MADISON, Wis. (5/17/13)--Auto loan loyalty stems from more "high touch" factors, such as good member service, ease of contacting the lender and lender responsiveness, than from quantifiable factors, such as interest rates and down payment requirements, according to a new report from the Filene Research Institute.
Credit unions' relationship strengths play a large role in auto loan selection, while their historical pricing strength (at least in aggregate) seems to be less important, said the paper, "Predicting Members' Choice of Auto Lender: Borrowing from Credit Unions or Elsewhere?"
Members placing more importance on service were far more likely (by 41%) to choose a credit union for their auto loan. Similar increases in credit union share were found for ease of contacting the lender (40%) and lender responsiveness (38%).
Most members report being greatly satisfied with their credit union and being committed to credit unions in general. However, questions about those topics are not useful predictors of members' choice of an auto lender, the report said.
For instance, members who rate highly their credit union's prompt resolution of problems are only moderately more likely (by 13%) to choose credit unions for their auto loans. Members who report that they specifically seek out credit unions to serve their financial needs are barely more likely (by 5%) to choose credit unions for their auto loans than more "casual" members.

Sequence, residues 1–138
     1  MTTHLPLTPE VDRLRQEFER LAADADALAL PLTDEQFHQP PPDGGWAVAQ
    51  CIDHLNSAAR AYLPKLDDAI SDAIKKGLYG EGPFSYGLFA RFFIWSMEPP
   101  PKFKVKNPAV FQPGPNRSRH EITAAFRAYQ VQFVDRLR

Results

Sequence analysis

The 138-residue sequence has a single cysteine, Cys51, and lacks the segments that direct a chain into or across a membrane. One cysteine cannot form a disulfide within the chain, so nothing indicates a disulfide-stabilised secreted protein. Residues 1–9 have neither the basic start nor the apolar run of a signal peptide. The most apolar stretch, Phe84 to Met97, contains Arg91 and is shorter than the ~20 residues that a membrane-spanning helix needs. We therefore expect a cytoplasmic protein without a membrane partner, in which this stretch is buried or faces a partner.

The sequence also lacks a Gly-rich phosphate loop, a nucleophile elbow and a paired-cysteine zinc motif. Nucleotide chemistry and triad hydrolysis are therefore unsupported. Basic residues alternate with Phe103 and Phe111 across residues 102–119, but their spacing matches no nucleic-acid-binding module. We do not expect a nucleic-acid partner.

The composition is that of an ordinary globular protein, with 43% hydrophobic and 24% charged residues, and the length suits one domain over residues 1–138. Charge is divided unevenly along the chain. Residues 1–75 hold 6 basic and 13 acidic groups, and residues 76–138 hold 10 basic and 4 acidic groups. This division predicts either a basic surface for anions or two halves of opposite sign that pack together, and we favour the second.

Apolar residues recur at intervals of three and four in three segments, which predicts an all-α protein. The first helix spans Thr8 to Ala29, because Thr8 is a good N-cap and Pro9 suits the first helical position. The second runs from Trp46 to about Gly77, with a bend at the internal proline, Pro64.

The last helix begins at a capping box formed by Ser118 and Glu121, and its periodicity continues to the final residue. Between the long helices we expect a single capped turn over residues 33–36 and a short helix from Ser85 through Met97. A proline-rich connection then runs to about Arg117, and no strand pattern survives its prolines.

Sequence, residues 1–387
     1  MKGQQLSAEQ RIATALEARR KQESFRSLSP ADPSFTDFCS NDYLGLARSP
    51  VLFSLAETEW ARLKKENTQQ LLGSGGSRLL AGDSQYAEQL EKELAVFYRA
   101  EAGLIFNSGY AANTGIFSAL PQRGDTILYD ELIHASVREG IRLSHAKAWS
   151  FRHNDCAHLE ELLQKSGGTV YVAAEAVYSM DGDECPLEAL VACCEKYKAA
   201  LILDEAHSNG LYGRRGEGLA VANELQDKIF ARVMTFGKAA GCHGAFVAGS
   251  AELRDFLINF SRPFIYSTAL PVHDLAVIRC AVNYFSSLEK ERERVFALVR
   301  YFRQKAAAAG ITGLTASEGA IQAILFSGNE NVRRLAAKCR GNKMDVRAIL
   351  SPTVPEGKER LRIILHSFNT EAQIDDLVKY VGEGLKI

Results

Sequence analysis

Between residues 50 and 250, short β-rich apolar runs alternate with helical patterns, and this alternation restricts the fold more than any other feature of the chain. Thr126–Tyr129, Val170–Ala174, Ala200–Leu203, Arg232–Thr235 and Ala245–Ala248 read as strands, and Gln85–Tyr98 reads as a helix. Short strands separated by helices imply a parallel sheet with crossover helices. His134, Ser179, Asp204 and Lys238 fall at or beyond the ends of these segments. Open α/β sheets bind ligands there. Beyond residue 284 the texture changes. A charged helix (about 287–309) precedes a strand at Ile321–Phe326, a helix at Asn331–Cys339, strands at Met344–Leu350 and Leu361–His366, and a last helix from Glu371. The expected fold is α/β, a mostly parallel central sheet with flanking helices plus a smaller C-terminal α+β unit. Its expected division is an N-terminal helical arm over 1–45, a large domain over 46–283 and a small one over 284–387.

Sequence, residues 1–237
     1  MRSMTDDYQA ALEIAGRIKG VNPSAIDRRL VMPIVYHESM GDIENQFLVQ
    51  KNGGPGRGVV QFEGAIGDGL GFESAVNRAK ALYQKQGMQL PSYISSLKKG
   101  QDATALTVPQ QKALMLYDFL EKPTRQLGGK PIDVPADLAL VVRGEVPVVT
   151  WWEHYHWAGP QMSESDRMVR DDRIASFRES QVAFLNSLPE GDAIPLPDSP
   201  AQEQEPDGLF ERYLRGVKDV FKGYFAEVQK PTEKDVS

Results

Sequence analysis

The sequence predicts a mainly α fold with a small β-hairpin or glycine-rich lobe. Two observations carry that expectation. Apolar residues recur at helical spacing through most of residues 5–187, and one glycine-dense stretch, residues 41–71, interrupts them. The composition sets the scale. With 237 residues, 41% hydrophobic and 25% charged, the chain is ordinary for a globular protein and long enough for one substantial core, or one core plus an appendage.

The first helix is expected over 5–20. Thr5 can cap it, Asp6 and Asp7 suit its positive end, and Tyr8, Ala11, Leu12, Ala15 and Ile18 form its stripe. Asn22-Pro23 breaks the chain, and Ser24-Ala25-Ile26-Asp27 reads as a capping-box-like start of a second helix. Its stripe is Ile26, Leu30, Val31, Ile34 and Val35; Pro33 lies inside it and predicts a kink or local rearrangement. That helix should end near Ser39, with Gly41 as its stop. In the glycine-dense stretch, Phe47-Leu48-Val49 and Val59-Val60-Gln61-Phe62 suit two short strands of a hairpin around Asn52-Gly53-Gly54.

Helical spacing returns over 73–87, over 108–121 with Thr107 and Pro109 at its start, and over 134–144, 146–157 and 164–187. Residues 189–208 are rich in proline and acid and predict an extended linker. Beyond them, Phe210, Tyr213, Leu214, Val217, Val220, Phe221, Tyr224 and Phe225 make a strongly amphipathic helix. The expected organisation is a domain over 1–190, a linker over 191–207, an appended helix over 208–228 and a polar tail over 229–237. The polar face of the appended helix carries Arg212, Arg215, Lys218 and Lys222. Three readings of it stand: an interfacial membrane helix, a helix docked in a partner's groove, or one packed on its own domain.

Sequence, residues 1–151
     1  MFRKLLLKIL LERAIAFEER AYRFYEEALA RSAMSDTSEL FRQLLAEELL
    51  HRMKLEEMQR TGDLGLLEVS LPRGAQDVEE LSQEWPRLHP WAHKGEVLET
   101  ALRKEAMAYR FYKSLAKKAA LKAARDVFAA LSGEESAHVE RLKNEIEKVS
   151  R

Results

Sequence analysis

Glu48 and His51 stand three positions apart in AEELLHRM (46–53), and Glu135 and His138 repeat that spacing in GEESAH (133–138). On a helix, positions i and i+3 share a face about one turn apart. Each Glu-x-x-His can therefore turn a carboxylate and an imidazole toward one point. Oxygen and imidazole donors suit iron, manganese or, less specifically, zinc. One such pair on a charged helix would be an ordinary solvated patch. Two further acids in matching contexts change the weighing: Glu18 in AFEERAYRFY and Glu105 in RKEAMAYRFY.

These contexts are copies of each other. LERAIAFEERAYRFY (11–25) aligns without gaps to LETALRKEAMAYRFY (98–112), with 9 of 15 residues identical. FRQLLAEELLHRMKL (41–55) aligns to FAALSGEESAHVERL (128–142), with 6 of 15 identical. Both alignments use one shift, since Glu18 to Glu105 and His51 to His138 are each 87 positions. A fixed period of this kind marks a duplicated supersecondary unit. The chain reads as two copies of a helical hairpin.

The research did not find a clear correlation between preferred communication channels and choosing a credit union for an auto loan. However, it did reveal a member preference for electronic information. The credit union website is the most preferred communication channel, followed by e-mail and then by credit union employees. The least preferred are branch brochures, and signage and social media.
"In short, credit unions should care about price, but not too much," the report said. "They should double down on electronic communication methods to advertise and originate loans. And they should remember that auto loan-loyalty stems from good member service and ease of contacting the credit union. Nurture those, and you'll do well."